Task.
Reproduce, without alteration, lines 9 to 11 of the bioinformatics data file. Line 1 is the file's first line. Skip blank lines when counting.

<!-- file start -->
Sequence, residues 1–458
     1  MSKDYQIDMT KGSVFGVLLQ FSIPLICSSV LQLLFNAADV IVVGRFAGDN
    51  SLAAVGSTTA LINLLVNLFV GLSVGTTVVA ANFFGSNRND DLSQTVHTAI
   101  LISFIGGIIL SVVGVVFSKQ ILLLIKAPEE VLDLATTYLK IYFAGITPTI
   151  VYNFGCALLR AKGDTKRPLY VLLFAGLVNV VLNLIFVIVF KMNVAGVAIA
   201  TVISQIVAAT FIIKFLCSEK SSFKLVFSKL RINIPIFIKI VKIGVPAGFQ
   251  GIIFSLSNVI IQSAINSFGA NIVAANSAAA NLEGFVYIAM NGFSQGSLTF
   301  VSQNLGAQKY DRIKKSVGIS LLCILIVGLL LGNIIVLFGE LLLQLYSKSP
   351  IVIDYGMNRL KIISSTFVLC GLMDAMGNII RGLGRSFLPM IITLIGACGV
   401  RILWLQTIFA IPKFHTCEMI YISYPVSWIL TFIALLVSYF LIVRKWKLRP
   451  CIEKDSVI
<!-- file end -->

   351  IVIDYGMNRL KIISSTFVLC GLMDAMGNII RGLGRSFLPM IITLIGACGV
   401  RILWLQTIFA IPKFHTCEMI YISYPVSWIL TFIALLVSYF LIVRKWKLRP
   451  CIEKDSVI